How much testing is too much?
In many schools around the country, once the state testing period ends, teachers and students slow down their pace and relax. The homework often ends, and the curriculum — having already been tested — segues into a combination of review and a look ahead to the next year's expectations.
In some places, though, testing continues. Not to evaluate student abilities or teacher performance, but to fine-tune the questions for future exams. Test experts say it's an important part of the process, to avoid misleading, poorly written or just plain dumb items that shouldn't be on high-stakes tests.
In New York City, a growing number of parents are protesting the use of their children as test guinea pigs, and they're getting support from some high profile politicians, the NY Times reports. Parents are boycotting the testing days, and some principals are just sending back the tests unopened.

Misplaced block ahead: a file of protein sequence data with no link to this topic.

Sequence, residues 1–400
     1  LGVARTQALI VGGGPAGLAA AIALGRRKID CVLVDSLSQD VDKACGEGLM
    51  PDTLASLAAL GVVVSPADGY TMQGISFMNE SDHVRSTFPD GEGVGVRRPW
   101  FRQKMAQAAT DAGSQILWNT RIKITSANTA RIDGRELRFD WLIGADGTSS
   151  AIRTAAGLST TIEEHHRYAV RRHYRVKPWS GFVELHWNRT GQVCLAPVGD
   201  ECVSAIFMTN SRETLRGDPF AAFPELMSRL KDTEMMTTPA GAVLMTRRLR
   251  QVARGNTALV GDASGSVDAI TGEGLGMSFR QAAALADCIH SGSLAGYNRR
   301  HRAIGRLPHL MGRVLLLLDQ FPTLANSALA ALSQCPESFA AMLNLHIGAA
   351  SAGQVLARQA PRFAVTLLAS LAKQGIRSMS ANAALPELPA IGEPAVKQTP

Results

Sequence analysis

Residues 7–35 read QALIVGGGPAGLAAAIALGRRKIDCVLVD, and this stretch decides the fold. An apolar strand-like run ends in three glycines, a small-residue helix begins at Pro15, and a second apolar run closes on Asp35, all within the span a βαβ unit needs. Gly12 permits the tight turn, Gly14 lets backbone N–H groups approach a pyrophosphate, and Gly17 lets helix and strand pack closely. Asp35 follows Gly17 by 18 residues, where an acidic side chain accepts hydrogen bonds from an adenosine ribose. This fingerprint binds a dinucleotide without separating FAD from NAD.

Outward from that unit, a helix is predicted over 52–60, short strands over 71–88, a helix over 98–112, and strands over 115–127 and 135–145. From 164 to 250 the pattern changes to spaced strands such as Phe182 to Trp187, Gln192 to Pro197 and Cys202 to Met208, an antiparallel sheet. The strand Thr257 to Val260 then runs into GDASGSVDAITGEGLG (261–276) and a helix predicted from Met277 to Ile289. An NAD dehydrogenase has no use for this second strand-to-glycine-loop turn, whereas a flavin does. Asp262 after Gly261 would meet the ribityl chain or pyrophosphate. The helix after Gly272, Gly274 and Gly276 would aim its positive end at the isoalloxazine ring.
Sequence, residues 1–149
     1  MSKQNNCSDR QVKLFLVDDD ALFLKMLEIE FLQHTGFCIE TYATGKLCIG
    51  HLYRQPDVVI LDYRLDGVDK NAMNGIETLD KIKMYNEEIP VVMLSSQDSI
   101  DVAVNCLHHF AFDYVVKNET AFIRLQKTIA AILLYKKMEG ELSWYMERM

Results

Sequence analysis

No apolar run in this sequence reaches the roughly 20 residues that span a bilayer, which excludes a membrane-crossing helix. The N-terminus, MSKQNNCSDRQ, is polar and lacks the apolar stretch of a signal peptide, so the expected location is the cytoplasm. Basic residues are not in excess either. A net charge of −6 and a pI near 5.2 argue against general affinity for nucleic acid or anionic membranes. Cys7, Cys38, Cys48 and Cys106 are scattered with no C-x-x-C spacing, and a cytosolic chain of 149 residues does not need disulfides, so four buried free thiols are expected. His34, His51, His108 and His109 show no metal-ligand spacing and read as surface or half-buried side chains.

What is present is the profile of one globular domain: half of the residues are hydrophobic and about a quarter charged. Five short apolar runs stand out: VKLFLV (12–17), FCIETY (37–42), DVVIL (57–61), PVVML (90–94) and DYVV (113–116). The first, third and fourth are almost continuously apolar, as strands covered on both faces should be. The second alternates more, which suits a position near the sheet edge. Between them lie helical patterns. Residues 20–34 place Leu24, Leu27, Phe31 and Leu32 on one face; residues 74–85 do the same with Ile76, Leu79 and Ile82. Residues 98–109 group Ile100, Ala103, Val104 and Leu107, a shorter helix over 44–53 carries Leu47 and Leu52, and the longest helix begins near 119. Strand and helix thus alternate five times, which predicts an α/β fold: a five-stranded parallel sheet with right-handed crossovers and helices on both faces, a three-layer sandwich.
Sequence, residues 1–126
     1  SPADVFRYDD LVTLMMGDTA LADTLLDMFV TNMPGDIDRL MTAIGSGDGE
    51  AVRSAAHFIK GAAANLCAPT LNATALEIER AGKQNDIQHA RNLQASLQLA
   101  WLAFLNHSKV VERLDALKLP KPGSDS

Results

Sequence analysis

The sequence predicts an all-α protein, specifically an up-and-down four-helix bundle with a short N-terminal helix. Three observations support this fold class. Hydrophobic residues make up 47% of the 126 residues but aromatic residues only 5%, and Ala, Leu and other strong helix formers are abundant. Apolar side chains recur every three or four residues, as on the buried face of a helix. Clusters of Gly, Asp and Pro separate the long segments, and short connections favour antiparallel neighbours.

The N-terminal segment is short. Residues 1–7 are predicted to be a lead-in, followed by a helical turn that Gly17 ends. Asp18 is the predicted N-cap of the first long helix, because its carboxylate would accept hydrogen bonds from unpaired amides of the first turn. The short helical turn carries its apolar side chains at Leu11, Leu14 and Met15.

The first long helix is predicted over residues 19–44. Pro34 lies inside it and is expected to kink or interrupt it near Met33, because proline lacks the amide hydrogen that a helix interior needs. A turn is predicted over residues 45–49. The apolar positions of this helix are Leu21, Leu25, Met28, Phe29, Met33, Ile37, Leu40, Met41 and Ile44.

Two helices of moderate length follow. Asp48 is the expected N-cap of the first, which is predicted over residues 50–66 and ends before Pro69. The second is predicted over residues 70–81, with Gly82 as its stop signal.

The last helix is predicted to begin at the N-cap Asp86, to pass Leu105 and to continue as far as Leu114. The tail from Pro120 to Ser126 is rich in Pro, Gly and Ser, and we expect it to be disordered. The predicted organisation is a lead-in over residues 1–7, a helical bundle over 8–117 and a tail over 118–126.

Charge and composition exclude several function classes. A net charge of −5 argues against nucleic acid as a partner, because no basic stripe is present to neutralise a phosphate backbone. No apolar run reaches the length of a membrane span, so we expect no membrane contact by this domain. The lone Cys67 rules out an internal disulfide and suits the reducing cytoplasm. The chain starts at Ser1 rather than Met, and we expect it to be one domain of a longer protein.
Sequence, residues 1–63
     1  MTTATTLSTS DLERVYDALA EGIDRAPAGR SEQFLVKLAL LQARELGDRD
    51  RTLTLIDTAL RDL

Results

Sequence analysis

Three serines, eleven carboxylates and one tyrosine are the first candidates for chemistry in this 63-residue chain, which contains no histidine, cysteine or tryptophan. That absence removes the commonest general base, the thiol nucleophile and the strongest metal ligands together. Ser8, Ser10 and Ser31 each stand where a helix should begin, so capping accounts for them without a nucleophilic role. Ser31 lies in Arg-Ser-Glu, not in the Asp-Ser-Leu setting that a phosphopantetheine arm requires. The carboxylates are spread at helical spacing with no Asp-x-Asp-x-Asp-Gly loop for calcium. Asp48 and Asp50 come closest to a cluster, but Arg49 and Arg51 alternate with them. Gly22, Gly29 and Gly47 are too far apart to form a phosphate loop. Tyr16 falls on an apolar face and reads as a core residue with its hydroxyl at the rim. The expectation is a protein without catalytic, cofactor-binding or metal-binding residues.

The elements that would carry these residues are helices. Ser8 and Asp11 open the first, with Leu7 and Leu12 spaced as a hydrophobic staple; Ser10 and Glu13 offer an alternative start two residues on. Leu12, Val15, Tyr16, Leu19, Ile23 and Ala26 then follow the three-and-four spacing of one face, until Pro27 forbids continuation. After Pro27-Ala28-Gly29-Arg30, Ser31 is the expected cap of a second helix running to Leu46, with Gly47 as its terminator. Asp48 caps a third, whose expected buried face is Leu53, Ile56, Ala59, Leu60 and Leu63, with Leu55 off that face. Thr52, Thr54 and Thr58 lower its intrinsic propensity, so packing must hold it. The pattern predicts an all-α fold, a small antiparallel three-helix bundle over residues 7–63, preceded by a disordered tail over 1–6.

“We’re seeing the early glimmers of a bigger fight,” Frederick M. Hess, an education scholar at the American Enterprise Institute, told the NY Times. “The real question is if states can keep those concerns isolated.”
Have you seen these field tests in your schools, as Florida continues to look for its FCAT replacement and launches end-of-course exams? Has there been any pushback? What do you see as the best way to make sure a test is appropriate if sampling them is not the answer?